Dubai dry docks

Year:1983

Duration:5 years

Cost:£232m (£719m today)

Country: Dubai, UAE

What did this project achieve?

Construct a complex of dry docks for building and repairing huge ships

Dubai dry docks is the only large dry docks facility in the Persian Gulf. Opening in 1983, it's the largest ship repair facility in the Middle East and one of the world's leading shipyards.

Spread over 200 hectares, the yard has a 350m wide entrance channel and repair berths of about 2,400m. It handles around 350 vessels year - mostly very large and ultra-large crude oil tankers.

The facility has 3 docks; Dock 1 (366m long and 66m wide), dock 2 (521m long and 100m wide) and dock 3 (411m long and 80m wide). It also has a floating dock 205m long and 32m wide.

Previously a centuries-old merchants' port, the shipyard was transformed into a modern maritime facility by a major programme of construction between 1978 and 1983.

Since it opened the upgraded dry dock has repaired and fitted out more than 6,600 vessels with a combined tonnage of over 500m tonnes. Port bosses claim most of the world's major shipping and tanker companies have used the facility.

The yard also contains the Middle East's largest floating crane and has been building ships since 1994. It's completed over 70 projects – including hulls for drilling rigs.

The dock employs more than 10,000 skilled workers from 30 countries. The scheme can call on another 4,000 local subcontractors for bigger projects.

The port has plans to expand and has recently rebranded as Drydocks World.

Difference the dry docks have made

The 1983 construction programme established Dubai dry docks as one of the leading ship repair facilities in the Middle East.

The scheme played a large part in raising Dubai's profile as a major player in the global economy.

The shipyard provides employment for up to 14,000 workers. It's a major contributor to both the regional and local economies.

How the work was done

Engineers designed the scheme with docks built out from the shoreline, rather than on existing ground. The structures were grouped together so that pump houses and heavy lifting cranes could be used for adjacent docks.

The project team constructed the dock walls from concrete caisson units. These were built on shore and lifted into place by crane.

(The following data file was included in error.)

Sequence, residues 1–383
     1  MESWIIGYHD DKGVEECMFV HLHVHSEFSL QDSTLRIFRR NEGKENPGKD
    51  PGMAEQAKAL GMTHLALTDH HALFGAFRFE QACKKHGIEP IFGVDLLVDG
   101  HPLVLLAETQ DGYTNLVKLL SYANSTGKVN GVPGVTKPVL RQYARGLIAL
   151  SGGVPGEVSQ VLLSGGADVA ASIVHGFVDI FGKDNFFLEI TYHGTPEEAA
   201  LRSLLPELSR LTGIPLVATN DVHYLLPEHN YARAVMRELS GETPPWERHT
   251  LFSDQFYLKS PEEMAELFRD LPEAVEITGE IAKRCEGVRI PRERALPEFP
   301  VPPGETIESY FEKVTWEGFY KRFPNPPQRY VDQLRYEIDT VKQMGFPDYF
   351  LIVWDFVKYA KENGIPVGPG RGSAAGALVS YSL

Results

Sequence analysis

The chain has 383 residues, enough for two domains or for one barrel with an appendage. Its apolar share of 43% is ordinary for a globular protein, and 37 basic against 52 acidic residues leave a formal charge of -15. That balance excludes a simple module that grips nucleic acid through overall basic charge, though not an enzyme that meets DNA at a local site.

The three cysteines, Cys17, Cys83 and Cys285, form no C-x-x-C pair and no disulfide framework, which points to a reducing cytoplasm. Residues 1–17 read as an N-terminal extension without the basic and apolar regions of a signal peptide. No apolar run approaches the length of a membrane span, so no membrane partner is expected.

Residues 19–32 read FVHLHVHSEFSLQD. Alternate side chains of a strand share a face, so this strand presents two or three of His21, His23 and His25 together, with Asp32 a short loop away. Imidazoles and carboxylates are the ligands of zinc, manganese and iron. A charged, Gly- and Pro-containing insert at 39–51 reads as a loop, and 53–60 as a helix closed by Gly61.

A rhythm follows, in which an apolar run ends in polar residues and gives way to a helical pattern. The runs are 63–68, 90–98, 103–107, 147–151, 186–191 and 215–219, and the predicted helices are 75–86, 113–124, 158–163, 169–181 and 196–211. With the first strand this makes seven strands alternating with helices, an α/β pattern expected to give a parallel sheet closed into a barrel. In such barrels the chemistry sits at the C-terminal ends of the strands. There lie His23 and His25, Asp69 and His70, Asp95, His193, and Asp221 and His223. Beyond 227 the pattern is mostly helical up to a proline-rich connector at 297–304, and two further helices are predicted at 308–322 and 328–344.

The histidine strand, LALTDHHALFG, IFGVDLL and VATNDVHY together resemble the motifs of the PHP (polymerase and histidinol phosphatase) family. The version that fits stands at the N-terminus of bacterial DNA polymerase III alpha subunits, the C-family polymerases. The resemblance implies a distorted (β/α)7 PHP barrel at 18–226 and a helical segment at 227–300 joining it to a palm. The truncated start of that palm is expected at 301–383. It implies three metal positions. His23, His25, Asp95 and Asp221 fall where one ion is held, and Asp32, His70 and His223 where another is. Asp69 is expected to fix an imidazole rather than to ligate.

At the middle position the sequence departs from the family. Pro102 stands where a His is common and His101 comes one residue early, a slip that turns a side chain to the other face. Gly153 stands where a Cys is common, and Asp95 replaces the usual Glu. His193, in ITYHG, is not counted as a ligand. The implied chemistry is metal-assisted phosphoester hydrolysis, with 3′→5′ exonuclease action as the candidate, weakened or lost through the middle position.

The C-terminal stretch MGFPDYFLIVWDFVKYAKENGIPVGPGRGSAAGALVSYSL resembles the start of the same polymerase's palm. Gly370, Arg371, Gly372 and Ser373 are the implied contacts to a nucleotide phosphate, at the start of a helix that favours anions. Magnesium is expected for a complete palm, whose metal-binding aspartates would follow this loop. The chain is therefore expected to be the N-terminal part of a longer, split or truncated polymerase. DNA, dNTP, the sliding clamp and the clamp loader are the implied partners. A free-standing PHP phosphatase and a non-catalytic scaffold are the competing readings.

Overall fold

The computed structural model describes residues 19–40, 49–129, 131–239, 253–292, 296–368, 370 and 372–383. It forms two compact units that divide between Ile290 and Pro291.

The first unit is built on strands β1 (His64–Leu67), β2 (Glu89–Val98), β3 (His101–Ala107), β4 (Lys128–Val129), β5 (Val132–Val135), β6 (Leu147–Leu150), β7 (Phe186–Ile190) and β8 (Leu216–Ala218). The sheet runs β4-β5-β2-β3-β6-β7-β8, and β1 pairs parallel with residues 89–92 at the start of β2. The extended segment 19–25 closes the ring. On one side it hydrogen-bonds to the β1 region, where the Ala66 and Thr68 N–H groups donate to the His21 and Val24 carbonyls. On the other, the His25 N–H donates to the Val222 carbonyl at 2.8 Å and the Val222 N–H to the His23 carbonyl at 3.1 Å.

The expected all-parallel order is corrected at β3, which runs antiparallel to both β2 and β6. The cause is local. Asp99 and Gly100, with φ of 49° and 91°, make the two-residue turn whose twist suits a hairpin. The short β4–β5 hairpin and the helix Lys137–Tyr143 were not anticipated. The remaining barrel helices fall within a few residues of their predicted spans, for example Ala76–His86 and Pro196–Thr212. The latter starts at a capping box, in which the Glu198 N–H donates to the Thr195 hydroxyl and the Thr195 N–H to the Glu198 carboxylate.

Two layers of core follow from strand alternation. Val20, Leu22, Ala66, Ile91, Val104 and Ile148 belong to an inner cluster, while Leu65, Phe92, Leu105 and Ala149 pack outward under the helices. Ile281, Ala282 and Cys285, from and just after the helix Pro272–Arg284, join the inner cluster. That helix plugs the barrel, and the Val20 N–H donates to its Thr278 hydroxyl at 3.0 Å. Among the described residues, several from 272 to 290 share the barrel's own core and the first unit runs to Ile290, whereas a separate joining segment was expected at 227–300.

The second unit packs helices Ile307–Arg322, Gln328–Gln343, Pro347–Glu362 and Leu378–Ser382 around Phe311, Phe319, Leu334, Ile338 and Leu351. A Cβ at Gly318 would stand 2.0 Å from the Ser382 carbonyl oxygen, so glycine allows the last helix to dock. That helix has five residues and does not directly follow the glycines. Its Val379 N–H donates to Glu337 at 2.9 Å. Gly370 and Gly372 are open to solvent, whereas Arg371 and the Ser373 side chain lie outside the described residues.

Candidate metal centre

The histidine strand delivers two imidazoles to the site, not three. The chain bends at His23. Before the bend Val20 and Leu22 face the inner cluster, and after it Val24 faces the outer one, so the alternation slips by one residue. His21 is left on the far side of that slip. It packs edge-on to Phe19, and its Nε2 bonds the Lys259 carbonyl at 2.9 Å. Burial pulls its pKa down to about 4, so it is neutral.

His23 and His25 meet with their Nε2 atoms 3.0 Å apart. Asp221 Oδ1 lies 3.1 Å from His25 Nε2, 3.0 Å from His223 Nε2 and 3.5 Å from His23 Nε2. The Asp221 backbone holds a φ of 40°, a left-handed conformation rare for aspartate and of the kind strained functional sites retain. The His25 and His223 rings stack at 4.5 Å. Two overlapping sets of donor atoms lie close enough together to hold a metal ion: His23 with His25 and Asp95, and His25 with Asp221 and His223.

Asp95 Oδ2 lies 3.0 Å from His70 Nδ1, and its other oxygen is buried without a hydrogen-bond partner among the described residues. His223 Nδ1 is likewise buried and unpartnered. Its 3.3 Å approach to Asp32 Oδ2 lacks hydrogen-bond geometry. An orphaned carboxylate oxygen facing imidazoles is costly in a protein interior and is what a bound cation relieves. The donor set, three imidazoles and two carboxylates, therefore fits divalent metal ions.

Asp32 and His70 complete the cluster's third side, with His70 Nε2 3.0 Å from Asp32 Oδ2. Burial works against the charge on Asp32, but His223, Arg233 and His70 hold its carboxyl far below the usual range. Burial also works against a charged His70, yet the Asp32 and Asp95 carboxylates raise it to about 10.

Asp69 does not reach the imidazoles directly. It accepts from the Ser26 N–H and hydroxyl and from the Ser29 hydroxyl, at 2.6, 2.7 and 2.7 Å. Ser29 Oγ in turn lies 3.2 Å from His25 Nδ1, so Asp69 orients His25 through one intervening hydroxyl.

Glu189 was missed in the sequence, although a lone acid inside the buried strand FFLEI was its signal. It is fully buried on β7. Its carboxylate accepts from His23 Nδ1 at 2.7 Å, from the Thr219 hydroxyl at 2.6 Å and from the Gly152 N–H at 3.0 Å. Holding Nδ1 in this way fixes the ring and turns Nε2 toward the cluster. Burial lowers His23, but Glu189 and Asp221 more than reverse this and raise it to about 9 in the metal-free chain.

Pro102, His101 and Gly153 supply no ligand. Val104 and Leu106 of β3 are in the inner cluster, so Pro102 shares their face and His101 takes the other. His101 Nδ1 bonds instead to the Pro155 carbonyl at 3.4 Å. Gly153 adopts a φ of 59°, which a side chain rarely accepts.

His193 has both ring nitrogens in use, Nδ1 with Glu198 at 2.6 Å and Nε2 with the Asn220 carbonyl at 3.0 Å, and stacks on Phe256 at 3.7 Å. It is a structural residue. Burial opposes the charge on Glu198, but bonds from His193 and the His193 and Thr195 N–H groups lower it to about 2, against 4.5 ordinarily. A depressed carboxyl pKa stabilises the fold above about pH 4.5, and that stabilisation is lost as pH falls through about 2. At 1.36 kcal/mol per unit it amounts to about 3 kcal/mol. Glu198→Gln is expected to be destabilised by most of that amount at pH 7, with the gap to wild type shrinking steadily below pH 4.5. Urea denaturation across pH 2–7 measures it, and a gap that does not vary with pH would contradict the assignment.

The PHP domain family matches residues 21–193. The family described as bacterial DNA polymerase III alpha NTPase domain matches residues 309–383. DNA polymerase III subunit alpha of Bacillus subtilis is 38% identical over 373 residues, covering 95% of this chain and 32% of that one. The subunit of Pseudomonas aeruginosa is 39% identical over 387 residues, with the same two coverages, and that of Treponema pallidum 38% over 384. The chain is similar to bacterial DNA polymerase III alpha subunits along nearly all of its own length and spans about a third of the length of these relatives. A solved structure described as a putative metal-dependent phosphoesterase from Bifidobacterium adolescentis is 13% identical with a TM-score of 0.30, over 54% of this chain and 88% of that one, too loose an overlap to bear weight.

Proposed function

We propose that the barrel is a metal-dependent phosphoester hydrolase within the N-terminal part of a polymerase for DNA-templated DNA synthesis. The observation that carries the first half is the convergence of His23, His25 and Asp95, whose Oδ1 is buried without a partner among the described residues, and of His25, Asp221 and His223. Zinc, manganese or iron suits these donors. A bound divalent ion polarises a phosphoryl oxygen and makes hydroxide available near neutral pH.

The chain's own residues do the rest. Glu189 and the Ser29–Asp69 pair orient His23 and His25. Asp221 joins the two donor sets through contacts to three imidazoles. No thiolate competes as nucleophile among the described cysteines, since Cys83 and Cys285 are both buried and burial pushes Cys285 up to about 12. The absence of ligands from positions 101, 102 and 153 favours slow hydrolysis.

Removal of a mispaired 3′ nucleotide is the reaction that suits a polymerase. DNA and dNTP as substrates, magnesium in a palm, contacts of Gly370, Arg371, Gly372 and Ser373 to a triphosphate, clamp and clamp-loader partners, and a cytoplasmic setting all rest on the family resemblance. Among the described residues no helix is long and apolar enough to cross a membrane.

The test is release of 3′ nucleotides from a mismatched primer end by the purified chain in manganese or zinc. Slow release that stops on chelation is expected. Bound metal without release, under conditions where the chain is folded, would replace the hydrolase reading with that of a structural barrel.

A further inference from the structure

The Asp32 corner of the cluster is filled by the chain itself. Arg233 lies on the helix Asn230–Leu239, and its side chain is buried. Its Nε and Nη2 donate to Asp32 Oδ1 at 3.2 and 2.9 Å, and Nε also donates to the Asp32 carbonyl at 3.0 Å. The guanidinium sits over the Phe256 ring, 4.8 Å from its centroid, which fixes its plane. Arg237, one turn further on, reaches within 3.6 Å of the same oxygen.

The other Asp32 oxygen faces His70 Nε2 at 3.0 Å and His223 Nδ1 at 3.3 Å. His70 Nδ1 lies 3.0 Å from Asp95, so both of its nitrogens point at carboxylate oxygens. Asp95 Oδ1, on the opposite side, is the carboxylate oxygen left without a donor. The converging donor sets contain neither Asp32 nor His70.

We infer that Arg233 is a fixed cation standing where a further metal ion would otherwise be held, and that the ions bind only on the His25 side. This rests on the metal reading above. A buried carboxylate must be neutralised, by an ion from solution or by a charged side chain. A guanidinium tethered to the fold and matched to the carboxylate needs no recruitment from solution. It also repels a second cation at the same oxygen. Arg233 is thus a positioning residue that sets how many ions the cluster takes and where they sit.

A caisson is a large watertight chamber, open at the bottom. Air pressure keeps water out of the structure. Once in place, workers filled the caissons with sand - most of this came from excavations on other parts of the scheme.

Engineers built a village of workshops onsite for the 5 year project. They included a pipe-making facility – which turned out 40km of pipework – a grit-blasting plant and a steel yard.

Other facilities included a carpenters' shop and a plant that produced around 250 tons of ventilation ductwork.

Over 700 engineers and skilled workers were brought in from overseas to build the docks. The project also employed 6,000 manual workers.

Engineers used approximately 85,000 tons of reinforcing concrete, 330,000 tons of cement and 850,000m³ of concrete for the scheme.

The project also used around 4m tons of rock for construction of the dock's breakwaters – the structures were up to 4km long and 17 metres high.

"​‌

The largest ship repair, conversion and new building yard between Europe and the Far East.

Geoff Taylor

CEO Dubai dry docks, 2009

Fascinating facts

Architects and engineers produced over 10,500 drawings for designing and building the facility.

Dubai sees around 255 days a year without rain. The mostly-dry climate is often credited as part of the docks' success.

The shipyard has won the British Safety Council Sword of Honour award 3 times. The industry award is given to organisations that have 'reached the pinnacle in the world of health, safety and environmental management'.

People who made it happen

  • Client: United Arab Emirates government
  • Contractors: Halcrow, Costain

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